Laying-on of hands in Luke and Acts : theology, ritual, and interpretation.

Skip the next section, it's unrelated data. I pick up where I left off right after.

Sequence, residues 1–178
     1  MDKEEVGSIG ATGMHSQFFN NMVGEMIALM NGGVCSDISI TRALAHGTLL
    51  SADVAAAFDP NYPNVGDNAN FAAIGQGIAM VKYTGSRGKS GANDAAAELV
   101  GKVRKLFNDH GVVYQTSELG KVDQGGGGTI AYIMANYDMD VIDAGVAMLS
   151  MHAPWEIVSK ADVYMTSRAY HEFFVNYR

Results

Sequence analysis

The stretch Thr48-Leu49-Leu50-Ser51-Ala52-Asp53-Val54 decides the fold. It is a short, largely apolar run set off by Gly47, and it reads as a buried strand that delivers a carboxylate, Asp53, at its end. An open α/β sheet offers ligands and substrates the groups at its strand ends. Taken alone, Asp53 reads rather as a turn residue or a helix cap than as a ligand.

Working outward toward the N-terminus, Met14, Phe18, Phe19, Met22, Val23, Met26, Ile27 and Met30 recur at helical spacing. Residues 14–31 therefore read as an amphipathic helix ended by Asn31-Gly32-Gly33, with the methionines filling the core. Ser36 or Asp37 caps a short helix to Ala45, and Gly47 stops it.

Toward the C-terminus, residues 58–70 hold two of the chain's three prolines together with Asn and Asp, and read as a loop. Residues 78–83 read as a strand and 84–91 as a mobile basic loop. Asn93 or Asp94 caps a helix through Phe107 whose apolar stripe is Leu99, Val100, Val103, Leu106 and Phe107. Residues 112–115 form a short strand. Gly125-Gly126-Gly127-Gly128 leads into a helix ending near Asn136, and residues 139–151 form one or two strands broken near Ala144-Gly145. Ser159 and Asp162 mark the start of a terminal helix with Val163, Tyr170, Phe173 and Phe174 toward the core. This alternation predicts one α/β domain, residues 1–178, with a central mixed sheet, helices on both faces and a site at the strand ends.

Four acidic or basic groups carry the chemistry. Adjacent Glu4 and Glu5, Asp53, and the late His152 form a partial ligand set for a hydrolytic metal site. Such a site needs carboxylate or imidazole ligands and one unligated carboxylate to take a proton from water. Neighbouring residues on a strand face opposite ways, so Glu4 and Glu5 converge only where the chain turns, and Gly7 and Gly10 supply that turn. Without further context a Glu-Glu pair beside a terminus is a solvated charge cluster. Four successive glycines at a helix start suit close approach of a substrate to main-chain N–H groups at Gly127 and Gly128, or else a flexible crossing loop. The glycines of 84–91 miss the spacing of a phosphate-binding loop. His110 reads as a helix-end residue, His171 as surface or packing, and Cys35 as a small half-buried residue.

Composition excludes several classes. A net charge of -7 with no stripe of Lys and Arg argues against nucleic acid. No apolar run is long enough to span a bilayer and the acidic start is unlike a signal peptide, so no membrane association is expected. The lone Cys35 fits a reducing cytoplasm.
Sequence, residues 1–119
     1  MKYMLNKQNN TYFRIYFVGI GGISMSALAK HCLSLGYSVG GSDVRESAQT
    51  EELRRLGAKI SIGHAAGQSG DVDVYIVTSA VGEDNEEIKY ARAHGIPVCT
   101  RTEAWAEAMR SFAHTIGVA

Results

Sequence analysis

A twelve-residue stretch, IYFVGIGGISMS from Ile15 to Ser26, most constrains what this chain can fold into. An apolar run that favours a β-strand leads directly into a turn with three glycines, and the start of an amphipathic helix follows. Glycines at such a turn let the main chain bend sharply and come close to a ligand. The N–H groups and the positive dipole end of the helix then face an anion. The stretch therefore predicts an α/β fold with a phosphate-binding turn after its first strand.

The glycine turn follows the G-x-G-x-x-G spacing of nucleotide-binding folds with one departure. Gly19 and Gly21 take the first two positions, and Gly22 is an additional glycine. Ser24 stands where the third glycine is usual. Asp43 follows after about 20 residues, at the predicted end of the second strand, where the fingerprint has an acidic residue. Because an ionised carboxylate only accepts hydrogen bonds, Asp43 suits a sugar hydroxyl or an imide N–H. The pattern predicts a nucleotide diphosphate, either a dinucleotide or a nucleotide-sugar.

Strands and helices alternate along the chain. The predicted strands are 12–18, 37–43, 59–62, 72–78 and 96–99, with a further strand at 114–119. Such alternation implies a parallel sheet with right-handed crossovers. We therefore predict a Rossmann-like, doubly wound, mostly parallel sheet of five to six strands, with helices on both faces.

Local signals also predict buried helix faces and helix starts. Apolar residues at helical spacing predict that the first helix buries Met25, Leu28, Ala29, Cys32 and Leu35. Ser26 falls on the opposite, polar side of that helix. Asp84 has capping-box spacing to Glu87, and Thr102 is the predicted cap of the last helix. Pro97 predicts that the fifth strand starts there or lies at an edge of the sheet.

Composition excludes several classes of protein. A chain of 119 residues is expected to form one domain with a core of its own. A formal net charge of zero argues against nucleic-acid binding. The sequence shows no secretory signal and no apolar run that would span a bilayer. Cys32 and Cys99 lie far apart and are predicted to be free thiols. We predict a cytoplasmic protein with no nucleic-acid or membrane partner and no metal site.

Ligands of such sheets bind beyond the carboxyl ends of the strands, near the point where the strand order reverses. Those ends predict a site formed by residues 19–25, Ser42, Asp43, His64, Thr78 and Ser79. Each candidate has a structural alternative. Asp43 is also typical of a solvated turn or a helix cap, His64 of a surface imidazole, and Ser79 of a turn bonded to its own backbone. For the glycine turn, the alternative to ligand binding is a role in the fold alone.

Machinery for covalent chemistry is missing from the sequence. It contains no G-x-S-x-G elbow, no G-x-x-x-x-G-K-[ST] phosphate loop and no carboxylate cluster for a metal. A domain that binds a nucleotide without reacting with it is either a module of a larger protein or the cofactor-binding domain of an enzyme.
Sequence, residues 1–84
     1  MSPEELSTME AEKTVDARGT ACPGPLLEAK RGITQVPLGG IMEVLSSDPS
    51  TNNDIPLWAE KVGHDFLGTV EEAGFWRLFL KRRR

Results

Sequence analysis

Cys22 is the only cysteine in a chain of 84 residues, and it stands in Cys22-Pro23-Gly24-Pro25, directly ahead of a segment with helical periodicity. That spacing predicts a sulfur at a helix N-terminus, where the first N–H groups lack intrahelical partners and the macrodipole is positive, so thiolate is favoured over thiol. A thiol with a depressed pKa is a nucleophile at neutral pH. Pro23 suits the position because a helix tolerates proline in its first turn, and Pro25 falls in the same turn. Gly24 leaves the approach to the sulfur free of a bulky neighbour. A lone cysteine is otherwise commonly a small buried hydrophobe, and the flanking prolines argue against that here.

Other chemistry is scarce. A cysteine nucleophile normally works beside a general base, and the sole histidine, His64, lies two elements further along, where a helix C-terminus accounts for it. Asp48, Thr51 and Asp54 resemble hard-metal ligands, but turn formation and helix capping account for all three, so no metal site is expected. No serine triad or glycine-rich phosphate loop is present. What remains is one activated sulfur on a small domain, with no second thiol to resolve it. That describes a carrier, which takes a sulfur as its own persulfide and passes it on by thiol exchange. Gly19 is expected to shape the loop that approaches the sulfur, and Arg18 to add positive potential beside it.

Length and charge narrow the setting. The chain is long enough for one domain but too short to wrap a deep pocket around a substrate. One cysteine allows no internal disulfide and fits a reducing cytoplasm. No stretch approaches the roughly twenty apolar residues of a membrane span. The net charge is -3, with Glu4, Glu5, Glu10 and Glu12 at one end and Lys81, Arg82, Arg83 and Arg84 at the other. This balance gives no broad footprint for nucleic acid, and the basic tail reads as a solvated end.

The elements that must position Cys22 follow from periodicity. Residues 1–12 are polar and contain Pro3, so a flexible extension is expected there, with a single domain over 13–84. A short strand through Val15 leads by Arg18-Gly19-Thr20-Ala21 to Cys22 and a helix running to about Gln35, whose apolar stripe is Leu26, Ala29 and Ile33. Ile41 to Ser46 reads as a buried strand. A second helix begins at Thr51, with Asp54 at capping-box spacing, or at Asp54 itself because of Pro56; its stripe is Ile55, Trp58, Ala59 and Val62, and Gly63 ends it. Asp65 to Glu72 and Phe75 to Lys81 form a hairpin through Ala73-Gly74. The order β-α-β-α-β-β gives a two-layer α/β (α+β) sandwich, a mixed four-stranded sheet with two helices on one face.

The purpose of this dissertation is to understand the ritual practice of laying-on of hands in the Lukan corpus. To achieve a plausible interpretation, the ritual action is investigated from two distinct but complementary disciplines, the theological and the anthropological. While theology is the product of historical grammatical study, anthropology investigates the internal societal factors that are catalytic for the evolution of ritual in religious communal lite. That there is a theology imbedded in the writings of Luke is not questioned. It is the aim of this research, however, to demonstrate that by being attuned to anthropological dimensions a theology which is more sensitive to the original interests of the early church can develop. Six chapters develop the thesis as follows. Chapter one surveys contemporary investigations into Christian hand imposition and discovers that the prevailing approach is to ground it in pagan or regularly in Jewish traditions. The chapter moves forward by proposing a theological/anthropological methodology to pursue a new direction in ritual research.. Chapter two surveys the history 3113 cultural dimensions of hand imposition in Luke's cultural context. The chapter classifies the ritual action into seventeen functional categories. Chapters three and four explore the redactional/theological usage of the laying-on of hands in Luke and Acts respectively. Chapter five applies the ritual categories as defined by Victor W. Tumer to select passages taken from Luke and Acts. The aim of this chapter is to test the adequacy of the concepts of social paradox, lirninality, and communitas as adequate categories for interpreting the evolution of Christian ritual.. The sixth chapter synthesizes the findings and applies the data to a reconstructed first century auditor/reader of Luke and Acts. Christian hand imposition, while forensically similar to Jewish and Gentile practices, should not be misinterpreted as merely a continuation of those traditions. The immediacy of crises unique to messianic Judaism, coupled with its distinctive Christological proclamation suggests the ritual action must be understood uniquely as "Christian. "